Monthly Archives: June 2021

EURO 2020 SPECIAL: Germany- Peter’s Currywurst

I wasn’t originally planning to do a German meal for the Euros as I’d already cooked a couple of meals from there during previous tournaments, but when my friend Peter from Stuttgart heard this he insisted I needed to cook something to mark their match against England tonight. I asked if he had any recommendations for quick and easy dishes- and he immediately suggested his favourite recipe for Currywurst- the Berlin streetfood favourite of fried sausage with a spicy tomato sauce. So, here it is, Peter’s Currywurst! 

Ingredients (Serves 4)

  • 1 tbsp olive oil
  • 1 onion, finely chopped
  • 2 cloves garlic, finely chopped
  • 2 tbsp mild curry powder  
  • 1 can of finely chopped tomatoes (400g)
  • 3 tbsp apple cider vinegar
  • 2 tbsp brown sugar
  • 2 tsp Worcestershire sauce
  • 2 tsp paprika 
  • 2 tsp salt
  • 1 tsp mustard powder or prepared yellow mustard



  1. Heat a large pan with the oil.
  2. Add the chopped onions and saute until translucent.
  3. Add the garlic, tomato puree and curry powder and stir fry for another minute until well mixed.
  4. Add the chopped tomatoes, apple cider vinegar, brown sugar, Worcestershire sauce, paprika, salt mustard and mix well.
  5. Bring to the boil, then reduce to a simmer and cook for around 10 minutes until the sauce thickens up a bit. 
  6. Remove from the heat and blend to a ketchup consitancy using a stick blender.
  7. Cook the sausages in a pan until browned on the outside, then cut into 1cm slices.
  8. plate one sausage per person, then smother with the curry sauce.

To serve- Serve with bread rolls or fries, and dust more of the curry powder over the top of the currywurst for that authentic German streetfood flavour!

Too bad the Germans are out, but I’m sure we’ll meet again! 



Hungary are one of the historical super powers of world football having reached two World Cup finals (1938 & 1954) and two European Championships semi-finals (1964 & 1972).

Despite that they have struggled recently, but this year marks their return to major finals with a team spearheaded by forward Adam Szalai. Here’s hoping the ‘Magical Magyars’ can put up a good showing!

When I visited Budapest a few years ago I really enjoyed the food- schnitzel, langos and of course, goulash! But for my Euro 2020 special I fancied trying something I hadn’t had before, so after a bit of research decided to go for Meggyleves- a traditional Hungarian summer dish of chilled sour cherry soup. 

Every recipe I found was pretty unique- so I’ve gone for a version that’s quite simple and relatively healthy, as a lot of the others added a ton of sugar! 

Ingredients(Serves 2):

  • 350g of dark cherries pitted
  • 1 stick cinnamon
  • 1 extra thick slice of lemon
  • 1/4 tsp clove
  • 150g sour cream
  • Pinch salt


  • Add the cherries to a large pot along with 100ml of water (or cherry juice for extra intense flavour), lemon cinnamon stick and ground clove and bring to the boil.
  • Once the cherries have softened a bit, reduce the heat and simmer for around 5-10 minutes. 
  • Turn off the heat and let the cherry mix cool a bit.
  • Take around 50ml of the juice and mix in a bowl with the sour cream.
  • Once everything has fully cooled, mix the sour cream into the soup pan.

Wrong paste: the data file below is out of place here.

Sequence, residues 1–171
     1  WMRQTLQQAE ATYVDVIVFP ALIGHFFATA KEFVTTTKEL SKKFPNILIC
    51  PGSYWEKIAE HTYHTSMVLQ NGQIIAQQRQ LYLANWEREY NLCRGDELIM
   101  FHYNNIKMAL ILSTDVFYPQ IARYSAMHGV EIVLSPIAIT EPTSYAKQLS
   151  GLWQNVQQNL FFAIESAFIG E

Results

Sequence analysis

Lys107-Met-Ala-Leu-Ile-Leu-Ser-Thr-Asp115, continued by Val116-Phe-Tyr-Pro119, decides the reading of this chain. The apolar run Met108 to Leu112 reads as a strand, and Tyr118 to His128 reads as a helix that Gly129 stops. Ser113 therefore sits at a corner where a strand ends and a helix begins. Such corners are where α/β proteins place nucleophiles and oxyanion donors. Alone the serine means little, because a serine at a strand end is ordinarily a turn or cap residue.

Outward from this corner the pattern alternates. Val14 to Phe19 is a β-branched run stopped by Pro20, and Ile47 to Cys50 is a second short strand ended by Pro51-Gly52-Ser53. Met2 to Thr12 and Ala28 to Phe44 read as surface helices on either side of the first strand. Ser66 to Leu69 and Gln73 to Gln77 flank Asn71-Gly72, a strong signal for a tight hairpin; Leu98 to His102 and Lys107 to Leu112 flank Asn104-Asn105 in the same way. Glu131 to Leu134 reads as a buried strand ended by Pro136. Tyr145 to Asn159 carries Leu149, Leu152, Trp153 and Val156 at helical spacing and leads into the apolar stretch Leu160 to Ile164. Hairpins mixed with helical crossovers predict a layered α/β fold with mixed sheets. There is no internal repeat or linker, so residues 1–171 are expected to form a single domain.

• Put in the fridge to chill for at least 1 hour. 
  • Remove the cinnamon stick and lemon
  • Dish up into soup bowls.
  • Garnish with a dollop of sour cream and a mint leaf. 

This was super tasty and pretty different- it reminded me of chilled, creamy, mulled wine. There are tons of variations on this recipe so why not try some out and find your own favourite this summer.


Here we go! I cannot quite believe I am typing this, but after a 23 year absence from major tournament finals my home country of Scotland are back on the big stage, and not only that- they’ve only got a chance of qualifying for the knock-out rounds, something they have never ever done before! 

Growing up my hero was Ally McCoist the Scotland and Rangers striker who made 61 appearances and scored 19 goals for his country. 

Among those goals was a special effort at Euro 96- the last time we had a chance to qualify from the groups. With a single point to our name heading into the final fixture in the section, Scotland knew that they needed a victory and a big swing in the goal difference to progress ahead of the Netherlands. 

‘Super’ Ally’s spectacular 36th-minute strike secured the win, and with the Auld Enemy, England leading 4-0 lead against the Dutch – it looked like we were going to do it. But, alas, being a Scotland fan goes hand-in-hand with heartbreak, and a late consolation scored by Patrick Kluivert saw the other match finish 4-1 and the Tartan Army head home to think again! 

For my Scottish Euro 2020 dinner it could only be our national dish of Haggis, Neeps and Tatties with a wee dram of Whisky Sauce.

Ingredients (Serves 2): 

  • 1 Haggis -go for a good quality one, size to suit the number of diners.
  • 500g Neeps (Turnips)
  • 500g Tatties (Potatoes)
  • 50ml Milk and butter for mashing
  • 50g Butter
  • Salt and Pepper to Taste

For the whisky cream sauce (optional)

  • 2 shallots, finely chopped
  • 150ml double cream
  • 50ml whisky
  • 15g butter
  • Salt and pepper to taste



  • Cook the haggis as per the manufacturer’s guidelines- normally in the microwave or in a waterbath in the oven.